# Open and Short Circuits

Open circuits and short circuits can often cause more confusion and difficulty in the analysis of a system than standard series or parallel configurations. An open circuit is two isolated terminals not connected by an element of any kind, as shown in Fig. no.1. Since a path for conduction does not exist, the current associated with an open circuit must always be zero. The voltage across the open circuit, however, can be any value, as determined by the system it is connected to.
In summary, therefore,
an open circuit can have a potential difference (voltage) across its terminals, but the current is always zero amperes.  Fig. no.1: Defining an open circuit.
In Fig. no.1(b), an open circuit exists between terminals a and b. The voltage across the open-circuit terminals is the supply voltage, but the current is zero due to the absence of a complete circuit. Fig.no.2: Example of an open circuit.
In a practical example provided in Fig. no.2, the excessive current demanded by the circuit caused a fuse to fail, creating an open circuit that reduced the current to zero amperes. However, it is important to note that the full applied voltage is now across the open circuit, so you must be careful when changing the fuse. If there is a main breaker ahead of the fuse, throw it first to remove the possibility of getting a shock. This situation clearly reveals the benefit of circuit breakers: You can reset the breaker without having to get near the hot wires.

#### What is short circuit?

A short circuit is a very low resistance, direct connection between two terminals of a network, as shown in Fig. no.3. The current through the short circuit can be any value, as determined by the system it is connected to, but the voltage across the short circuit is always zero volts because the resistance of the short circuit is assumed to be essentially zero ohms and $V = IR = I(0 Ω) = 0 V$. Fig.no.3: Defining a short circuit.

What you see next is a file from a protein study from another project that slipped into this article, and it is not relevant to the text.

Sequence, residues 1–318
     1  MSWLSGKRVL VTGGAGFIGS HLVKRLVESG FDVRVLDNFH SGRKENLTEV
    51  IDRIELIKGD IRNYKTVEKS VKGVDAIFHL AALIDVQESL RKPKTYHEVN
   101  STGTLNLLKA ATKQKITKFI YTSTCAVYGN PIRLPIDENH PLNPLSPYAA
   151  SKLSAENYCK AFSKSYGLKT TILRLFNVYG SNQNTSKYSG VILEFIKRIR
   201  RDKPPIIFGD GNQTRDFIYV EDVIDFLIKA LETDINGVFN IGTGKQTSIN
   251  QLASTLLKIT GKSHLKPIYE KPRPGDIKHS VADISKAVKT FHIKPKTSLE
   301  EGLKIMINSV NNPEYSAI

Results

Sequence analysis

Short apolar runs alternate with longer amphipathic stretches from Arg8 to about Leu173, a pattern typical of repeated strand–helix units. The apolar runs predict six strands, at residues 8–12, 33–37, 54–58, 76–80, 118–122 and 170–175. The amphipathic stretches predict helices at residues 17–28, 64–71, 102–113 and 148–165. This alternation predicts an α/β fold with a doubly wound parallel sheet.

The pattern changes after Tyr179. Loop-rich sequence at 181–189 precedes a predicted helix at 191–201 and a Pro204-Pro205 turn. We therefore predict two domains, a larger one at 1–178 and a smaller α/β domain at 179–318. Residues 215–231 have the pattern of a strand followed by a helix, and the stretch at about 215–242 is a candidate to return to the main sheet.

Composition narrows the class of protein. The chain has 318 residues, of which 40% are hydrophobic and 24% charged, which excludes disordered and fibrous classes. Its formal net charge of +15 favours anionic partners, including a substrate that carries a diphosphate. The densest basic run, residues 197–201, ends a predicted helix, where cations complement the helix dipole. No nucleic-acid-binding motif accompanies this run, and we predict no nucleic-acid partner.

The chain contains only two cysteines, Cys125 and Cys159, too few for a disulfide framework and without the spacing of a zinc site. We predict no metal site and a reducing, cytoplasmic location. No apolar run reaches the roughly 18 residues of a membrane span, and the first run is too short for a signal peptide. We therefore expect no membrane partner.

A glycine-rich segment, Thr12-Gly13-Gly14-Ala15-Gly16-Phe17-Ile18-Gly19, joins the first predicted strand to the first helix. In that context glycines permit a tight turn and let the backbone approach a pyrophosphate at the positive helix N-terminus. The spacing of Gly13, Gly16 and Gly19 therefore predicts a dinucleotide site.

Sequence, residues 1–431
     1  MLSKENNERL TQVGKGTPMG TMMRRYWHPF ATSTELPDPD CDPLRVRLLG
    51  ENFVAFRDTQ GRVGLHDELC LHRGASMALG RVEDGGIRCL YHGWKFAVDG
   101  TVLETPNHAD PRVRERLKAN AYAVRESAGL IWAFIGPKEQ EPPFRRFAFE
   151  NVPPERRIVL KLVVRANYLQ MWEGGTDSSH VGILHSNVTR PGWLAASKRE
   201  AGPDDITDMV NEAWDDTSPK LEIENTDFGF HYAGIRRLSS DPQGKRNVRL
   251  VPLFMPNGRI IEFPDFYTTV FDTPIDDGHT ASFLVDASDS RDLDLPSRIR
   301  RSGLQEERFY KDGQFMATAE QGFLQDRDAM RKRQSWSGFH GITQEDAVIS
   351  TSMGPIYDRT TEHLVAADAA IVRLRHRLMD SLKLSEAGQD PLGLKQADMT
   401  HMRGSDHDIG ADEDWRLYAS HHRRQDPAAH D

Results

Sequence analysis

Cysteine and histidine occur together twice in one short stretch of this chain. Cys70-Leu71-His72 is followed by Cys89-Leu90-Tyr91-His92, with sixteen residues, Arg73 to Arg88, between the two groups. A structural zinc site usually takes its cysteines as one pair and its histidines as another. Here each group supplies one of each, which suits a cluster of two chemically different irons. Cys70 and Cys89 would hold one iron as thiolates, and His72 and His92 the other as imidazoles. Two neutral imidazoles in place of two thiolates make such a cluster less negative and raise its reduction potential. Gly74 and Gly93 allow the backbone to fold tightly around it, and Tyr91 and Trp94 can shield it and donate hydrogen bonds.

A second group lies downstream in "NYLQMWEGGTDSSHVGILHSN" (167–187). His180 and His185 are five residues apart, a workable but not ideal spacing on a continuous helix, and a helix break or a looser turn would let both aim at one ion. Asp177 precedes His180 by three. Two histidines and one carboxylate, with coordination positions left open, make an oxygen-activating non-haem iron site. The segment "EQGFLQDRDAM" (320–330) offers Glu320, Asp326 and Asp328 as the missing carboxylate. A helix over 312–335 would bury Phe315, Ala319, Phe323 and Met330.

In summary, therefore,
a short circuit can carry a current of a level determined by the external circuit, but the potential difference (voltage) across its terminals is always zero volts.
In Fig. no.3(a), the current through the 2 Ω resistor is 5 A. If a short circuit should develop across the 2 Ω resistor, the total resistance of the parallel combination of the 2 Ω resistor and the short (of essentially zero ohms) will be $$2 Ω || 0 Ω = {(2 Ω)(0 Ω) \over 2 Ω + 0 Ω} = 0 Ω$$ as indicated in Fig. no.3(b), and the current will rise to very high levels, as determined by Ohm's law: $$I ={E \over R}= {10V \over 0Ω} = \infty A$$ The effect of the 2 Ω resistor has effectively been "shorted out" by the low-resistance connection. The maximum current is now limited only by the circuit breaker or fuse in series with the source.  Fig.no.4: Demonstrating the effect of a short circuit on current levels.
For the layperson, the terminology short circuit or open circuit is usually associated with dire situations such as power loss, smoke, or fire. However, in network analysis, both can play an integral role in determining specific parameters of a system. Most often, however, if a short-circuit condition is to be established, it is accomplished with a jumper-a lead of negligible resistance to be connected between the points of interest. Establishing an open circuit just requires making sure that the terminals of interest are isolated from each other.